(03.14.11) Jimmy Bakos, who is the Technical Director for South Africa Rush, recently had the chance to visit Rush Soccer headquarters in Colorado to experience the 'Rush Way' firsthand. Jimmy met with staff members from Rush Soccer and Colorado Rush in the hopes of bringing some of the programs so popular in the US, to South Africa. Jimmy took a few minutes during his trip to talk about Rush Soccer and the future of Rush in Africa.
How has the transition to Rush been going?
Status at the moment, we are in the process of recruiting new players, there is a lot of excitement. They are finding out about something that is new, something different. Really the only thing that is changing for us is the color of our uniform and the name of the club but we will continue on much the same. There is a lot of excitement about being part of the much larger Rush organization.
How many players are currently in the club?
By the time we finish registration we will be around 350 players ranging from 3-4 all the way to senior age. This will create about 30 teams for the season.
Is club soccer a big deal in South Africa?
Clubs soccer is very structured. We play in the Rand Central Local Football Association understanding that South Africa is separated into Regions, much like here in the US. Club soccer is very big in these regions; people compete in leagues from U6 through seniors. Clubs are very structured and very organized some with operating budgets of 2 million rand (~14 Million US dollars).
Where does South Africa Rush Fit in the grand scheme of things in South African soccer?
We will be in the middle slots. We concentrate more on development: technical skills and touches on the ball. For us it is not about winning in the junior leagues, it is about getting the players developed. When they get to U13’s then we start to compete. With the Rush organization now, we are going to be very elitist with our selection of U13-U17’s where we want to compete at the next level.
How does being part of Rush help you take the next step?
Having the connection to the organization is a big draw for players. The potential to be selected to go and play in the States, go to college, etc will hold us in good standing with the players.
Where do you hope to see South Africa Rush five years from now?
Five years from now I plan to own a national first division team, (1 league lower than top division) we’ll have made several trips to the US, have a few players into the Colorado Rush Academy and also to have several players into college programs. As a club in SA, I’d like to see us in the same standing as I remember Rush being when I first encountered the club 10 years ago. Displaying professionalism and really leading the way for all of South Africa.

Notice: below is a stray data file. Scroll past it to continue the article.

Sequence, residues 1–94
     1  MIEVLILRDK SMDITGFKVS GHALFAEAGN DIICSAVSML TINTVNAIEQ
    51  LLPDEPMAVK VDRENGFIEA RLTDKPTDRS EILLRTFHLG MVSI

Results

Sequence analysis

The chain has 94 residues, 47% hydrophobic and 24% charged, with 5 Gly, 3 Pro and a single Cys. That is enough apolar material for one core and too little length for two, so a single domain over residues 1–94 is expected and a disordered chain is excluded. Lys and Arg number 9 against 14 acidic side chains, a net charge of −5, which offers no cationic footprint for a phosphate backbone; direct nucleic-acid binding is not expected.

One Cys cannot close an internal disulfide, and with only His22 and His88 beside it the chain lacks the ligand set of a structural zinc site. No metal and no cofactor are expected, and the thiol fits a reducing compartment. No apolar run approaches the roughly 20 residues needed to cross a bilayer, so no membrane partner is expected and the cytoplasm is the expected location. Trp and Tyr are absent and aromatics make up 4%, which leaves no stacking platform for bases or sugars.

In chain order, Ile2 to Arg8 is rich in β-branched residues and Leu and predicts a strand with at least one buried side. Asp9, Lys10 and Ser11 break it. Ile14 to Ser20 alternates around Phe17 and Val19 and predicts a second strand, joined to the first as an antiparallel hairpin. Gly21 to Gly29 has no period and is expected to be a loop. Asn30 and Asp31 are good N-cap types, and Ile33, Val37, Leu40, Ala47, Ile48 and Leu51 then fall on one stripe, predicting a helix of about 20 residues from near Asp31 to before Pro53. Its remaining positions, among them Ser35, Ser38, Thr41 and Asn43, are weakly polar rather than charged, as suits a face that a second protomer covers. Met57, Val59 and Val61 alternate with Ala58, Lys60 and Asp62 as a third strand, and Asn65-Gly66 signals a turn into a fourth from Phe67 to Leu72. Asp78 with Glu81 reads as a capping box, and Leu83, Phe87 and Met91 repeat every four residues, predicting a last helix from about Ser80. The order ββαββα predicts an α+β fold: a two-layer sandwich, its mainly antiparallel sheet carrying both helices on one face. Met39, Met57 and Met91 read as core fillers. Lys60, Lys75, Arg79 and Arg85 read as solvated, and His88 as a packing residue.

Where do you see Rush Africa going in the coming years?
It was amazing to learn how big it has gotten. As a group we can go far. What we want to do is create an Africa Rush where we can hold tournaments. The presidents of the various Rush clubs in Africa would manage it. We would get together every two years and hold mini Festivals, select teams from those and then bring those teams to the US the following year to compete in the US Rush Festival held each summer. At that point, those players gain some exposure to Rush coaches in the states that may be interested in having our players join their club. We want to make Rush Africa as big as possible in the hopes of someday having full recognition by CAF (Governing body in Africa).
During your visit to the States, you’ve got to see how the club operates. What kind of things will you take home and try to implement in South Africa?
Well most importantly, the way that the Technical Directors of the club work with their Directors of Coaching. Between Omar Sise and myself, we might look at the manuals and re-write them to suit Africa Rush. We want to keep the Rush Way of coaching but fine tune it and make it African so it suits us.
You had the chance to spend about one week working closely with members of Rush Soccer and staff from Colorado Rush. What have you gained during your stay?
10 years ago I coached a team that played a Rush Nike team and I was amazed by how professional they were. Getting involved with the Rush, it is easy to see why the cub has grown so big. It is because they are committed to development, they are very very professional at what they do. I have a passion for this game and consider myself to be a professional, but after time here, I see that there is still much to learn. I am going back to South Africa not to recreate Colorado Rush, but to emulate their ways and bring that professionalism to Africa. The people who work here are the most hospitable people in the world and it has been a fantastic experience.